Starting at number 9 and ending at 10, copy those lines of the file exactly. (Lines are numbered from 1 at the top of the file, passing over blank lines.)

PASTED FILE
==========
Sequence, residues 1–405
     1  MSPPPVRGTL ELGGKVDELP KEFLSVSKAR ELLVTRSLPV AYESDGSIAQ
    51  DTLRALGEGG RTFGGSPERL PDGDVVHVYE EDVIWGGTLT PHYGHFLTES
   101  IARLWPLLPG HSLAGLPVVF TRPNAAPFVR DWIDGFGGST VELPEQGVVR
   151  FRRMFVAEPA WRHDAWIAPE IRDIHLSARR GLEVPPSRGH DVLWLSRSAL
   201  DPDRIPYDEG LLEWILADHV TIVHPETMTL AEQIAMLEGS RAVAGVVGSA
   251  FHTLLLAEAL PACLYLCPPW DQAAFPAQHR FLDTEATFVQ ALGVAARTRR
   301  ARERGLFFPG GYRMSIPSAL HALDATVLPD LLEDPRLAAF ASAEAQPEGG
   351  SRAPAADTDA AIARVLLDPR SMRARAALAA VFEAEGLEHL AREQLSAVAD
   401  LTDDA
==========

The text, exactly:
   351  SRAPAADTDA AIARVLLDPR SMRARAALAA VFEAEGLEHL AREQLSAVAD
   401  LTDDA